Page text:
• Require consent where earthworks are likely to affect stormwater channels. This can be through controls such as setbacks, maintaining the same entry and exit point of stormwater channels, or requiring consents for earthworks that could affect stormwater channels in floodprone areas
  • Introduce controls for stockpiling such as height and setbacks
  • Remove any duplication with the Regional Plan, and recognise the National Environmental Standard for Plantation Forestry
  • Enable any earthworks, subject to an approved building consent, where they occur 1.8m from the exterior wall, but not where they affect a sensitive environment or feature such as a waterway.

Relevant Information:

waimakariri.govt.nz/dpr-natural-environments
Quarrying, pg 12 (What's the Plan?)
Significant Natural Areas (in the Natural Environment Section), pg 13 (What's the Plan?)
Outstanding Natural Features and Landscapes, pg 15 (What's the Plan?)
Coastal Environment, pg 16 (What's the Plan?)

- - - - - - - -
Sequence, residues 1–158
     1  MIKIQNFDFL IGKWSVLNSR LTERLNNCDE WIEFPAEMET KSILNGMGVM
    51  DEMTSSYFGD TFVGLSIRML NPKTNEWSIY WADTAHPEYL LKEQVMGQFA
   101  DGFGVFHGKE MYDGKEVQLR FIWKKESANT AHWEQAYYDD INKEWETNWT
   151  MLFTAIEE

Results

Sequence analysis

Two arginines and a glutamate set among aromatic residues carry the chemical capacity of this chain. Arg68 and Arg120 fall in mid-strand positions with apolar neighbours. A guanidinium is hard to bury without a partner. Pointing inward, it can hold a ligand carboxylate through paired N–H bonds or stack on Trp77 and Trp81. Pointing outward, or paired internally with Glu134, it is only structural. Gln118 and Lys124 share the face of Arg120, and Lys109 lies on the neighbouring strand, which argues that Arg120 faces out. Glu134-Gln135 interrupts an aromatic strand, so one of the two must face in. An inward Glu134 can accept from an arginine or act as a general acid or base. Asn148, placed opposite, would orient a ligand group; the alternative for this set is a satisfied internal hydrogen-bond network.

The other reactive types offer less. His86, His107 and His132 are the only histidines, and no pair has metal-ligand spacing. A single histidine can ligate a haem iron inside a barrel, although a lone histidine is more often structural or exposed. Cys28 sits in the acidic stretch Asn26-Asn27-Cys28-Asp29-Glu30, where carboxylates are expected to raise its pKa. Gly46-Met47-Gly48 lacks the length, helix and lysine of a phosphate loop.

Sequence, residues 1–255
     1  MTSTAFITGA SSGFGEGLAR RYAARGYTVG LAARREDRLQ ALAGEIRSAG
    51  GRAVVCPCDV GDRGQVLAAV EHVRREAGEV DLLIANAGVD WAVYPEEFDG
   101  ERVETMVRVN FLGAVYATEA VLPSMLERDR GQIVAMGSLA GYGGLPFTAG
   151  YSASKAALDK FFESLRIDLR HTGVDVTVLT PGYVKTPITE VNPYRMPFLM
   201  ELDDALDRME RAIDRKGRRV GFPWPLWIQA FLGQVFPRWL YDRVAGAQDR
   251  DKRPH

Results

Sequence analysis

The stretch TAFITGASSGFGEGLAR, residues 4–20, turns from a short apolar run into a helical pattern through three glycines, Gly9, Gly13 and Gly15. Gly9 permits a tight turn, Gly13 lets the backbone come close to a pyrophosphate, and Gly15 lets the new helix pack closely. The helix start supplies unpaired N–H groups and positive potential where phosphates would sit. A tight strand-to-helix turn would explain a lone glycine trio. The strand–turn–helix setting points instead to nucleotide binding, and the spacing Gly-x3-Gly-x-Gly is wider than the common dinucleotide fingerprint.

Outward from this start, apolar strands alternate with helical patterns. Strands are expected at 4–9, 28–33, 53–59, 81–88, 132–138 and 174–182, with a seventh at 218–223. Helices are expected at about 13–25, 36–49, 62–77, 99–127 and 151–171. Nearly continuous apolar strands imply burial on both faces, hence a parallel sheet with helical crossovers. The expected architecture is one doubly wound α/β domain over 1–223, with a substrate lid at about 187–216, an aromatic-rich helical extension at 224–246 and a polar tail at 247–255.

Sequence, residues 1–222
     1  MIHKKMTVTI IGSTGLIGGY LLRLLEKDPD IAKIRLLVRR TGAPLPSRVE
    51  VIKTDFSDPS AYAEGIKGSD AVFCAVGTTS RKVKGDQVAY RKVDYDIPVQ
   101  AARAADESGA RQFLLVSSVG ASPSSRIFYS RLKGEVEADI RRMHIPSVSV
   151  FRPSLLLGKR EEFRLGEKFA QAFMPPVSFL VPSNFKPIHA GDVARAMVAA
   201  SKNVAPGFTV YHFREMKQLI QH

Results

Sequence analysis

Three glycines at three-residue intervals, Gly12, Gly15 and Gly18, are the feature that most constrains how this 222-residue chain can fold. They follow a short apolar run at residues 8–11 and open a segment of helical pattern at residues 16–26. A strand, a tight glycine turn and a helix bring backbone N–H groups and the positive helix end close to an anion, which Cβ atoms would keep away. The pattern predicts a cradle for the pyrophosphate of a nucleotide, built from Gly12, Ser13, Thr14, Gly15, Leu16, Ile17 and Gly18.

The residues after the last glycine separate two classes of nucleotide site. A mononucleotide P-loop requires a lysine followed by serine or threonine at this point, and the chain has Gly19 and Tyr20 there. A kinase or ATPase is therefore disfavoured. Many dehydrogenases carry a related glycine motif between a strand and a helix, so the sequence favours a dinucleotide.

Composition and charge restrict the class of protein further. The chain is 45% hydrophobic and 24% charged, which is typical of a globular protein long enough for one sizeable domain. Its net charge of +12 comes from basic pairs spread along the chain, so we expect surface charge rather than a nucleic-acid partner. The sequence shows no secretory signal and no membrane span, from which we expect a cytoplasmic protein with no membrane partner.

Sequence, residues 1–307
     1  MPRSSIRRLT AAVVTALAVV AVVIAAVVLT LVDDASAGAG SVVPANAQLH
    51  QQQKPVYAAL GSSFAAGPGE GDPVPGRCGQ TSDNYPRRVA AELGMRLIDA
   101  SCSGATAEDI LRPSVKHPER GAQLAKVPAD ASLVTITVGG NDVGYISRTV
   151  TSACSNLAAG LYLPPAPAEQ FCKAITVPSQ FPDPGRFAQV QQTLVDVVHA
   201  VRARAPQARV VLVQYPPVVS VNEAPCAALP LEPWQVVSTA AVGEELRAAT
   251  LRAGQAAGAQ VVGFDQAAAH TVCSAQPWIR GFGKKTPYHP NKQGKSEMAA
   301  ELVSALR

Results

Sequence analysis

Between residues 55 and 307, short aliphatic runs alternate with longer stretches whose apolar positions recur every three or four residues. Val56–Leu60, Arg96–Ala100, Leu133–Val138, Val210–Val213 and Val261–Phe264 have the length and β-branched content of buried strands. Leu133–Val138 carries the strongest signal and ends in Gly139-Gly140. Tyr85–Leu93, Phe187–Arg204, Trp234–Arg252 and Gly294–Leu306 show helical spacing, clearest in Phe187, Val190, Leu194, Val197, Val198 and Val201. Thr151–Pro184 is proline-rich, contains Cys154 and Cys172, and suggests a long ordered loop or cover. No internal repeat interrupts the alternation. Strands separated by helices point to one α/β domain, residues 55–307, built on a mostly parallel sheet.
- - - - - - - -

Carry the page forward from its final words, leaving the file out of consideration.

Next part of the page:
Quarrying

This topic looks at how to manage quarrying and its associated activities, such as screening and processing. Developments such as roads and concrete for buildings require the use of aggregate, but the activity can have adverse effects on people and the environment.

Key Issues:

  • Quarrying is subject to standards relating to things like noise and dust, but the overall effects are not managed as a specific activity making it difficult to assess the combined effects of each quarry
  • Finding appropriate locations for a quarry can be difficult – they need to be located where there is quality aggregate supply, close to demand and transport networks, and where there are no significant adverse effects on neighbouring activities
  • Pressure for aggregate is expected to continue.